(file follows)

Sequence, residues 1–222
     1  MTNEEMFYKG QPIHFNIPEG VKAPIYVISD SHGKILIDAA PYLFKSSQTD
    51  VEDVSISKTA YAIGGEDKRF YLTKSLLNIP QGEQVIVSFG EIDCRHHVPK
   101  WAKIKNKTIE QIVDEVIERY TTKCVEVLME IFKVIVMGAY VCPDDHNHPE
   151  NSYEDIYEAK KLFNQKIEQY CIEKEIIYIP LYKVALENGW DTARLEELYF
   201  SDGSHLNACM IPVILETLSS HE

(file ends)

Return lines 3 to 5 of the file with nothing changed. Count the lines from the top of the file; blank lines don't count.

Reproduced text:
    51  VEDVSISKTA YAIGGEDKRF YLTKSLLNIP QGEQVIVSFG EIDCRHHVPK
   101  WAKIKNKTIE QIVDEVIERY TTKCVEVLME IFKVIVMGAY VCPDDHNHPE
   151  NSYEDIYEAK KLFNQKIEQY CIEKEIIYIP LYKVALENGW DTARLEELYF